Madras treasure Jesse Rodriguez passes
Jesus "Jesse" Rodriguez, known to many in the Madras area as the Hispanic Santa Claus who hosted an annual toy giveaway to the delight of local children, passed away July 7, at the age of 84.
Raised in Texas, Rodriguez came from a family of 15 children born to migrant working parents. His family followed the crops, living in migrant camps and working in California, Arizona, Oregon and Michigan. Everyone helped, and the importance of work was instilled in him at an early age.
As a child, he longingly watched as the neighbor kids got toys for Christmas. "But they were super poor and there was no money for toys," said his daughter, Narce Rodriguez. Lured by other kids, he started drinking when he was 13, which later led to a problem with alcoholism.
In 1955, Rodriguez moved to Madras to work in the fields, and in 1960, he married his wife, Lupe. He had a knack for organizing and worked 10 years for Madras Farms as a supervisor, hiring crews to work the fields.
Tom Kirsch, of Madras Farms, recalled, "Jesse was a good hard worker and loyal. He did a good job of managing the crews he was in charge of. He had his ups and downs in life, but his heart was where it should be and he was always trying to help people."
He and Lupe bought a house in 1980 and had four children, Jimmy, Narce, Jesse Jr. and Robert, but he wasn't home much. "I drank for 30 years, but just on weekends so I could keep a job. I neglected my wife and family because of drinking," he said in a 1995 article in the Pioneer about his decision to change.
His turning point came from a priest's comment and a run-in with the law. He had been sentenced to serve time in jail, when Father Leo Weckerle recommended him for an alcohol rehabilitation program. The priest told him, "Jesse, you're a good man, but you need to stop drinking," and he took those words to heart.
Since Rodriguez could neither read or write, he relied on listening and memory to complete the rehabilitation material. "I promised God I'd help others when I got out and try to help alcoholics," he said.
Working with Trini Ortiz, he helped start the first Spanish-speaking Alcoholics Anonymous Support Group in Madras. In place of drinking, he substituted a hobby of growing flowers, and every year he stayed sober, he added to his many flower beds at his home on Southwest J Street, by St. Pat's Catholic Church.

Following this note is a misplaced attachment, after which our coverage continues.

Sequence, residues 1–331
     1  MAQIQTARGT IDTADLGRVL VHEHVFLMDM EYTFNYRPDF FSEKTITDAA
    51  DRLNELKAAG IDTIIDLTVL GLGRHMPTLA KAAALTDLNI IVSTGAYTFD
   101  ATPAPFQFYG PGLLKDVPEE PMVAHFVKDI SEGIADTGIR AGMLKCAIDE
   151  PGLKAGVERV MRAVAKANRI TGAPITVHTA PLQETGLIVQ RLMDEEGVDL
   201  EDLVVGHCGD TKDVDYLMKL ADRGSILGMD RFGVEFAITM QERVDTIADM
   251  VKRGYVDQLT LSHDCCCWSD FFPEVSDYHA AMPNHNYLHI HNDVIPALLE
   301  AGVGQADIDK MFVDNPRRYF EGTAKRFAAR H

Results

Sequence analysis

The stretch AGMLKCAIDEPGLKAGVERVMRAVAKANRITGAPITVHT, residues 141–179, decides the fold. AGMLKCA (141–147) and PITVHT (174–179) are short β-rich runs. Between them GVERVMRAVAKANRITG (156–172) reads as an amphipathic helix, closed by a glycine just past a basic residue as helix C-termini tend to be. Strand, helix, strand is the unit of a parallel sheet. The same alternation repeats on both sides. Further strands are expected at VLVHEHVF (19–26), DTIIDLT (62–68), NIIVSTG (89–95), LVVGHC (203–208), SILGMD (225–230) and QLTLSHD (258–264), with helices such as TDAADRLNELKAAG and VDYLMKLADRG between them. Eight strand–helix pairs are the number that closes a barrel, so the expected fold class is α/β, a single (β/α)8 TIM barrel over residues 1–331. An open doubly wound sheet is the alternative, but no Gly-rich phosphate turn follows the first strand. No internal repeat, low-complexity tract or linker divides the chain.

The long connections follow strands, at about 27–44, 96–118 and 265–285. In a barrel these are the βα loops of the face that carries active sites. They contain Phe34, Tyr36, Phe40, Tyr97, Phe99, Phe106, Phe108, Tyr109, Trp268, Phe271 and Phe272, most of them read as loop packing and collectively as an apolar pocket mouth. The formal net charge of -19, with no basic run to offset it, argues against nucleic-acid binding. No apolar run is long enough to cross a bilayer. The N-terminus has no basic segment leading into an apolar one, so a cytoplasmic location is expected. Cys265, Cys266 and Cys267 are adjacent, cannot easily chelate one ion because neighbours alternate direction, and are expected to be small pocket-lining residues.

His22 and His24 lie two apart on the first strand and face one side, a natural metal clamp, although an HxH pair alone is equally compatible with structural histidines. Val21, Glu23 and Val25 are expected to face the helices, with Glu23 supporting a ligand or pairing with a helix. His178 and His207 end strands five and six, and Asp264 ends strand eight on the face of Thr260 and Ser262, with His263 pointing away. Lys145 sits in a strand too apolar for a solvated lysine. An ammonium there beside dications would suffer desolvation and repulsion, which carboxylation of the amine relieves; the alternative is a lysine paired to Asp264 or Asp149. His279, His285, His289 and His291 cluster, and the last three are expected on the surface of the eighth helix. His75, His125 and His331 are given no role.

He also began a yearly fun activity for children where he asked businesses for donations and had pinatas. That developed into the Farm Workers Toy Drive, held on Christmas Eve in the Rodriguez's yard. For the night, the yard was decorated with Christmas lights and featured Jesse and Lupe as Santa and Mrs. Claus.
Because of his childhood experiences, his daughter said, "He wanted to make sure every child had a toy for Christmas."
"My dad was one of the first Mexicans to arrive here. Around September or October, after potato harvest, there was no longer any migrant work, so the workers stayed in the Madras area during the winter," his daughter said.
Knowing families were just getting by, Rodriguez started the toy drive to help migrant children, but then expanded it to include any child in need of a Christmas gift. Each year, he asked local businesses for donations, which he and Lupe would use to purchase toys for some 200 children who came to the event.
It was a big operation, with presents wrapped and color coded for boys and girls, young and older kids. "The whole family and grandkids helped wrap gifts, and other kids from the community volunteered to help," his daughter said.
December 2020 marked the 30th year of their Christmas giveaway. "We still did it, even with COVID, but we changed and gave food vouchers for families instead," she said.
Rodriguez also developed his love of flower gardening into a landscaping business and maintained many business grounds in Madras. He volunteered his services to care for the Catholic church's grounds, and also kept up several elderly people's yards for free.
"He was a very giving person and loved everyone. This was his community," she said of her dad, who liked to visit with and tease people during his rounds.
Retired car dealership owners Joan and Ron McDonald were friends with Rodriguez. "He did our landscaping for 25 years, and he and Ron became very good friends. He was a great example because he turned his life around, and he was voted the Chamber Volunteer of the Year in 2014," Joan McDonald said.
"Jesse was a good fellow. He had it rough growing up, but he got himself straightened up and turned out a darn good family he was awful proud of," Ron McDonald said.
Although his health was failing and his son Jimmy took over most of the business, Jesse continued to tend yards around town until last year.
"I'd see him when he was older still working and tell him he'd better quit or he'd die on the job," Kirsch said.
"That was just his work ethic," his daughter said. "We kept telling him he didn't need to do it, but it was his pride and joy and kept him going. He loved being outside in nature and the fresh air and working with the earth."
After Rodriguez passed away on July 7, family members held an hour-long recitation of the Rosary every day for a week at 5 p.m. A tent was set up in their yard and between 30 and 50 people showed up each day.
Even with all those people, his daughter said, "A deer would show up every day when the Rosary started, nibble apples, and then leave when the Rosary ended."
Nature paying its respects to a nature lover.
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